How Online Direct Sales Saved This Luxury Business
The financial crisis forced Vero Linens to find a new target market.
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In this ongoing series, The Fix, we look at real problems faced by real companies and how they solved them.
The Challenge: Steve Caradano, founder of Vero Linens, thought he'd an uncovered a firm niche--selling imported Italian luxury linens to boutique hotels in the U.S. Then, in 2008, the perfect storm hit: The price of the euro had risen significantly, devaluing the U.S. dollar and reducing his company's profits. The price of cotton spiked, inflating Vero's production costs. The financial crisis on Wall Street led to a crumpling of the travel and hospitality industries and upscale hotels either stopped buying new linens or they downgraded to lower-quality brands. "The price of cotton was outrageous, and it was clear we were headed into a recession where our customers weren't buying nearly as much as they did before," says Caradano, owner and founder of the 15-employee company with operations in Michigan and Florida. "I'm sort of looking at my situation and saying, "What do I do?'"
The Fix: By early 2009, Caradano realized he needed a new sales strategy. Industry magazines and groups reported that many luxury consumers continued to buy high-end linens, even as their 401(k) value tanked and business and leisure travel markets slowed. Caradano decided to try diversifying his customer base and breaking into the consumer market by creating an online store where people could buy Vero's linens direct from the company's Web site. "Retail commands about a 225 percent to 250 percent markup in luxury linens," he says. "I was thinking, "I have the Internet here. I'm going to take a step out of the value chain" and start selling online.
The transition to online sales wasn't seamless, however. The first Web designer Cardano hired cost $25,000 and didn't incorporate the right features into the site, he says, so he ended up scrapping the site and starting over. In fact, Caradano says he went through four different designers between 2009 and 2012 before getting Vero's ecommerce site looking good and functioning correctly.
Figuring out how to generate online publicity and stand out in a crowded market of linen makers selling online was also challenging. He's ultimately learned that generating word-of-mouth publicity is important in the consumer luxury market. Caradano says he now reaches out to interior designers who blog and other bloggers with more affluent readers in hopes of drumming up publicity for his brand.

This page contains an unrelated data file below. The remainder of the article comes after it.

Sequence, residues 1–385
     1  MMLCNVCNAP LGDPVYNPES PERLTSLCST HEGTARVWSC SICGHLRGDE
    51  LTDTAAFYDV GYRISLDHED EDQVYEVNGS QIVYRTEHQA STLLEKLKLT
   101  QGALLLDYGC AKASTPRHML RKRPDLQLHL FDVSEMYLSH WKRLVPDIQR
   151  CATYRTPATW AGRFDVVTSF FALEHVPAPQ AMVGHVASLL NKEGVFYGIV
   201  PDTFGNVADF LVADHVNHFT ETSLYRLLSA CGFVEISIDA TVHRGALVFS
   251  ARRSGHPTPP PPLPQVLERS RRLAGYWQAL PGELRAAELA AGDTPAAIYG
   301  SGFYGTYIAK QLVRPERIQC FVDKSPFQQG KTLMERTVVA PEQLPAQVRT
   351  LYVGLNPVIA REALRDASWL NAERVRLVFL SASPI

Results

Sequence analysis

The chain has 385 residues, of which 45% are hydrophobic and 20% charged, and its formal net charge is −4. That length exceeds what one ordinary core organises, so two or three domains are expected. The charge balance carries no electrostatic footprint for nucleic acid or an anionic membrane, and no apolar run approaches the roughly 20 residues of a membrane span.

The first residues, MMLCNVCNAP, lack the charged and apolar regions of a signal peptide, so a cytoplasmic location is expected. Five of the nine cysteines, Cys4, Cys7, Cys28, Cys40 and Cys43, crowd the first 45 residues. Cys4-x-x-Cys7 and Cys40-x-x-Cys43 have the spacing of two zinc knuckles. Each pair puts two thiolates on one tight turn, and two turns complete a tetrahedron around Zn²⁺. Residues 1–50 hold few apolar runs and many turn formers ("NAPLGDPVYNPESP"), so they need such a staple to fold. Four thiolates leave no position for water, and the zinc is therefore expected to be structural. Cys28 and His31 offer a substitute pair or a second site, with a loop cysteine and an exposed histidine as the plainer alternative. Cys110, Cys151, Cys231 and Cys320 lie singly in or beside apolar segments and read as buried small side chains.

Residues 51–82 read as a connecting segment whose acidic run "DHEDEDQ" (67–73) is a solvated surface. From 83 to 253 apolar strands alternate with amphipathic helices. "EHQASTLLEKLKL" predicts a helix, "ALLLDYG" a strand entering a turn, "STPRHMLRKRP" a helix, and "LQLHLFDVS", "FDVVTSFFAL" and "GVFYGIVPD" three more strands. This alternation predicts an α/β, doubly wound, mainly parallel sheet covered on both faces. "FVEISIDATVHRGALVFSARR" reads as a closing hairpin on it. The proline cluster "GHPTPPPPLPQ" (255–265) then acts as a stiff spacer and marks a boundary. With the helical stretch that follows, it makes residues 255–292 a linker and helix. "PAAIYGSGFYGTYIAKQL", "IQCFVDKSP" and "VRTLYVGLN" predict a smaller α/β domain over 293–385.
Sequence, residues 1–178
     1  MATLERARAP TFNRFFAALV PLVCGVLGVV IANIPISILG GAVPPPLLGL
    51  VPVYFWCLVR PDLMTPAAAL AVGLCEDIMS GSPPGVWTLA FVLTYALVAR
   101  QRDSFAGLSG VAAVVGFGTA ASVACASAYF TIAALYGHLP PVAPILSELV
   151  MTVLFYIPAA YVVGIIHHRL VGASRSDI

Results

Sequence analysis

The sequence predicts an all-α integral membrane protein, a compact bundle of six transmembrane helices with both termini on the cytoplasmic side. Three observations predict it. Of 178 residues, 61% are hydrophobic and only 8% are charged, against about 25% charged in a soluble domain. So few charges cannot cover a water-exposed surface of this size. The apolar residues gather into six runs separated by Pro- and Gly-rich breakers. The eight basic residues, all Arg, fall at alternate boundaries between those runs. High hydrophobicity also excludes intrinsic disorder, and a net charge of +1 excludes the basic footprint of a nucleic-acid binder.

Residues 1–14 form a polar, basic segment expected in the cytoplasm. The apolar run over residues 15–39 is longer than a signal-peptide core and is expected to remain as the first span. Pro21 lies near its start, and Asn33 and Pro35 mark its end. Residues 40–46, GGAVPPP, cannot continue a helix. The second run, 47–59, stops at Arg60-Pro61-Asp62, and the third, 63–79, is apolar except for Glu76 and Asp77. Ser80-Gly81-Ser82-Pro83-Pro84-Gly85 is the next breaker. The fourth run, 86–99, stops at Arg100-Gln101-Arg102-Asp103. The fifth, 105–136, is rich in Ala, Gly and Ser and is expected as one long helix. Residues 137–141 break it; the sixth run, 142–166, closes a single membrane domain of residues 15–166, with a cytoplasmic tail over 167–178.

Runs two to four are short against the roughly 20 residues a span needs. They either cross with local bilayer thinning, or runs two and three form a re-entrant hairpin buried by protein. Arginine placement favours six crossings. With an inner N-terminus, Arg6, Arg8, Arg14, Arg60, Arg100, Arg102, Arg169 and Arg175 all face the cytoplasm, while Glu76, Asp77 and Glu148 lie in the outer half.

Though he won't disclose his exact revenue, he says the shift to consumer sales has helped him recover so that he's at about the same revenue he was at before 2008. One reason direct online sales has worked for Vero is because consumers are willing to spend more--often $1,000 versus $500--on quality linens than hotels. While an upscale hotel will typically buy three to four sets of sheets for every bed, the profit margin on those sheets is far less than consumer sales, Caradano says. His profit margin on each set sold is 50 percent more for direct online sales than selling to hotels.
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Moreover, Caradano says he travels far less than he did before. While he still travels to hotel clients and prospective hotel clients occasionally, he has refocused on online sales--saving the company several thousand dollars every year.
Overall, Caradano says he plans to focus more of his time and energy on online sales and less on the hotel business. "I never felt the Internet would be something where people would be buying $1,000 sheets sight unseen," he says. "But the Internet has become such an easy accessible thing where people purchase everything."
The Takeaway: Moving from business-to-business sales and selling to consumers online can open up new sales opportunities and increase a company's profit margins.